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Under-inflated tires are one of the most common concerns when it comes to your car’s regular maintenance and is also one of the easiest to avoid. In fact, sitting in my driveway right now is my 2007 Chevy Tahoe, which has low air on both the right front tire and the rear left, and I need to make sure it gets resolved ASAP.
Ultimately, I need to get it up to the optimum tire pressure for a typical passenger vehicle, which is around 30 to 35 PSI (PSI = “pounds per square inch”). A tire pressure less than this is considered under-inflated.
What happens if you drive on under-inflated tires? If you drive on under-inflated tires, the tires will wear unevenly and eventually fail. It can also cause your tires to perform incorrectly, leaving you with a lower level of maneuverability. Too low of air pressure in tires can even cause them to lose the bead (the contact point between the tire and the wheel) and immediately lose all pressure within seconds.
Table of Contents
Three Effects of Driving on under-inflated tires
1. Excessive fuel consumption
Tires significantly affect how much fuel you use every time you drive your car. Under-inflated tires result in a higher rolling resistance, with a larger portion of the tire being in contact with the ground. This can lower your gas mileage dramatically, costing you money and putting more strain on your drivetrain than it should.
2. Premature wear on your tires
When a tire is under-inflated, too much sidewall (the part without tread) comes in contact with the road surface. The larger amount of friction raises the heat on the sidewall’s surface and wears it out. This can cause separation of the tire’s tread, or wear a crack in the side and result in blowouts.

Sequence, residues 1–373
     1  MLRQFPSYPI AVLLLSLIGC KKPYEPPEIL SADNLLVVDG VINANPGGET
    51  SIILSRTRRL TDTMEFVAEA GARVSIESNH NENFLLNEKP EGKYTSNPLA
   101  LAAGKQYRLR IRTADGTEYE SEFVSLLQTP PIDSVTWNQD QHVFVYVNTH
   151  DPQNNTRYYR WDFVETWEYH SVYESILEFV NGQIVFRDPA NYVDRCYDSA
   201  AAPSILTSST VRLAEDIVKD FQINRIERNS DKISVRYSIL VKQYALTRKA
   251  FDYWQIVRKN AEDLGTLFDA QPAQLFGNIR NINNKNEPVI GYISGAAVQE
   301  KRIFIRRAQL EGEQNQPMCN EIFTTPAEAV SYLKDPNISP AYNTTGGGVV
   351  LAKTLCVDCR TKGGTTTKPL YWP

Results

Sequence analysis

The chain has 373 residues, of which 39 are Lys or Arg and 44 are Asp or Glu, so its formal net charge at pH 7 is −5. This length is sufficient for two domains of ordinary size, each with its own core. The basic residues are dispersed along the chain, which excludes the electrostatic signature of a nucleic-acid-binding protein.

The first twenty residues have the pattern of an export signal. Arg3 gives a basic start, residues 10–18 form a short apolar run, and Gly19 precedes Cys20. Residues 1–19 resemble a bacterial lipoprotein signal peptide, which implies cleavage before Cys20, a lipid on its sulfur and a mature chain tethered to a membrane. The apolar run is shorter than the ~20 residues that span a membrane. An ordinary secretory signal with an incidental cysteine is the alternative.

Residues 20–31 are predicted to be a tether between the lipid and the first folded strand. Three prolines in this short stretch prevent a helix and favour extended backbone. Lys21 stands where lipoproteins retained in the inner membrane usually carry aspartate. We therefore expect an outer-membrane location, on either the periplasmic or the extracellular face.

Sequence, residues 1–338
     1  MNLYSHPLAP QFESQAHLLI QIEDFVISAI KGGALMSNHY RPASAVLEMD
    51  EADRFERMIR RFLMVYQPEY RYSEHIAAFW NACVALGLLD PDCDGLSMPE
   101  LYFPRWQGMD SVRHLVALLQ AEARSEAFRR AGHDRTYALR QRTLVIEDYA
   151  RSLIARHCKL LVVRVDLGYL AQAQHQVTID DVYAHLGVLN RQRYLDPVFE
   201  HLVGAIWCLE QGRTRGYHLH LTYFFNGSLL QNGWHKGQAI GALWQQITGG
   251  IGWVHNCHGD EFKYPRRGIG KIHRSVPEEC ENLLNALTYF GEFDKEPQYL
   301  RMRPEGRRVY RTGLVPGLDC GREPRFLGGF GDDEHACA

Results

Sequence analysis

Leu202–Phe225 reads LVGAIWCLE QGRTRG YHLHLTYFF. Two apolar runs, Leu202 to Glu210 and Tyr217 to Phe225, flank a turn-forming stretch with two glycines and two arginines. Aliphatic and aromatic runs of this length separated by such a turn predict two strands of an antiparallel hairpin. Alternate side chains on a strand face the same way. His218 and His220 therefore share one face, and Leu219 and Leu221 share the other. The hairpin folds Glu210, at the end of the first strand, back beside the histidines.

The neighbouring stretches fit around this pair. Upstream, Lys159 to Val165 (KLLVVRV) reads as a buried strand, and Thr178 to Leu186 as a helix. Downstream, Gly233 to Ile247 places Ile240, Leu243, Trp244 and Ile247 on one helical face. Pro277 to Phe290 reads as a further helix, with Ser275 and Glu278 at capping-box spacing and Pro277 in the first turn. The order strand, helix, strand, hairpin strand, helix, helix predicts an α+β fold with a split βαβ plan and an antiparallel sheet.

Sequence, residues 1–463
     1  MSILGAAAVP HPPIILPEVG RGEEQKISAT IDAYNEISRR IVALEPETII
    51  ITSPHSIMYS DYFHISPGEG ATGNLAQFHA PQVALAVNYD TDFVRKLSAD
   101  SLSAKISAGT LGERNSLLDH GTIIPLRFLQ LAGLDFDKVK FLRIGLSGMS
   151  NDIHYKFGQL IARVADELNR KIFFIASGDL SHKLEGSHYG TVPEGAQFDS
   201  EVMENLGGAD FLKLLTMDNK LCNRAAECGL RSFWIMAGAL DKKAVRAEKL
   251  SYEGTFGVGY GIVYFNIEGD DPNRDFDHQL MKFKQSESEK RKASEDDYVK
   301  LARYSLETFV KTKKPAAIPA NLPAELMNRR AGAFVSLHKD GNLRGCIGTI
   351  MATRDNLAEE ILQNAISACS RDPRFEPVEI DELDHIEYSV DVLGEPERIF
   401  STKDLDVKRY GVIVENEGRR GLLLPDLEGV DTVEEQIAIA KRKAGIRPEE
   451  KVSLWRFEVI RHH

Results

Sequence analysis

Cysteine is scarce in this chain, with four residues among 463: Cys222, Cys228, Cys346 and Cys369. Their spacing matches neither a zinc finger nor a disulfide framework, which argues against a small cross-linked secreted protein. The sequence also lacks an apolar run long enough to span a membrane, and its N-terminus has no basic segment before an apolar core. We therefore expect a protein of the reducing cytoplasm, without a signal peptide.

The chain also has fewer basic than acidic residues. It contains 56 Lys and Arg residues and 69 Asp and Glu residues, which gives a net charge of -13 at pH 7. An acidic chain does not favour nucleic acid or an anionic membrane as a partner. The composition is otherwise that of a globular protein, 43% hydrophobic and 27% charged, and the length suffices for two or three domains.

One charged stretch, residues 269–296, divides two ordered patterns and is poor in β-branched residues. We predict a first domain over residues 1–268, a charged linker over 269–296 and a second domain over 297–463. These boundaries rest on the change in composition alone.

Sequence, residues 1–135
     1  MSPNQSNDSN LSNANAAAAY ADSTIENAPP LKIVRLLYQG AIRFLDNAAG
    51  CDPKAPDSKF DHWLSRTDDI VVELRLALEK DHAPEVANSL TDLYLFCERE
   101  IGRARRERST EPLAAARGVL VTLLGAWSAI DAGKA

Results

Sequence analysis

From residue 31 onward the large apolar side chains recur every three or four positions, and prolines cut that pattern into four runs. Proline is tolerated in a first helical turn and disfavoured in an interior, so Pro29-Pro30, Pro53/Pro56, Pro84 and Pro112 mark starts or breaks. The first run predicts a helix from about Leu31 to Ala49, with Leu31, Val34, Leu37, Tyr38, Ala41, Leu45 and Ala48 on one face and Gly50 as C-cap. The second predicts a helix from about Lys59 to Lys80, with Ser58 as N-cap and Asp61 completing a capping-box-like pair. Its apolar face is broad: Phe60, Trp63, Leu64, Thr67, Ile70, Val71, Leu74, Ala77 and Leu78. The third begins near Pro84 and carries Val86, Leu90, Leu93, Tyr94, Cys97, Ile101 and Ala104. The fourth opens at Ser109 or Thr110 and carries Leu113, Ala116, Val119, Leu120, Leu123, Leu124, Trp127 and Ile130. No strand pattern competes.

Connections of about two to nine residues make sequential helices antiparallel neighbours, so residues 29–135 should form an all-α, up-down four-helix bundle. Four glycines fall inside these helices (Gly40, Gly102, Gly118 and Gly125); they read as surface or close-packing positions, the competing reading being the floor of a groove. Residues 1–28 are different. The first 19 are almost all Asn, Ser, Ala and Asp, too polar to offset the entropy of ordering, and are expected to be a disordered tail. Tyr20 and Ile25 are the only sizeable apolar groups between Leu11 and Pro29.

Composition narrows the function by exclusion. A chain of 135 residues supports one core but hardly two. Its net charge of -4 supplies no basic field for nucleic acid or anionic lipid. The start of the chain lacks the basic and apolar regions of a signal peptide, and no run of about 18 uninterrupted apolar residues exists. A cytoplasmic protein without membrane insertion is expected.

Not only is replacing your tires due to low tire pressure a pain, and can leave you stranded on the side of the road. It also can be extremely expensive, as many vehicles that are AWD (all-wheel-drive) require you to replace all four tires at the same time.
3. Lower Ride Quality & Vehicle Damage
Did you know that tires play a big part in the ride quality of your vehicle? When you don’t have your tires inflated correctly, the tires cannot take the impact of potholes, uneven roads, and that curve you took too quickly. This can cause your suspension to work more than needed and damage your vehicle.
Three signs of an under-inflated tire
Of course, like many things on your vehicle, if your tires are under-inflated, there will be some telltale signs that this is the case!
1. Tire Pressure Monitoring System (TPMS)
The purpose of the TPMS in a car is to alert you when the tire pressure is below the ideal pressure. Once the tire pressure falls below the set value, the TPMS light blinks on your dash (or and icon or message your gauge screen) to indicate something wrong. You should make sure to check the pressure of each of the four tires, or the specific tire that it is notifying you about as soon as possible.
2. Longer Stopping Distance
When under-inflated, tires are not running at their tested capacity, meaning they aren’t allowing your vehicle to stop nearly as quickly as they should when at the correct pressure. The car moves for a longer distance before making a complete stop. If you can’t stop as quickly as you should, or believe you will, this can make for some dangerous circumstances.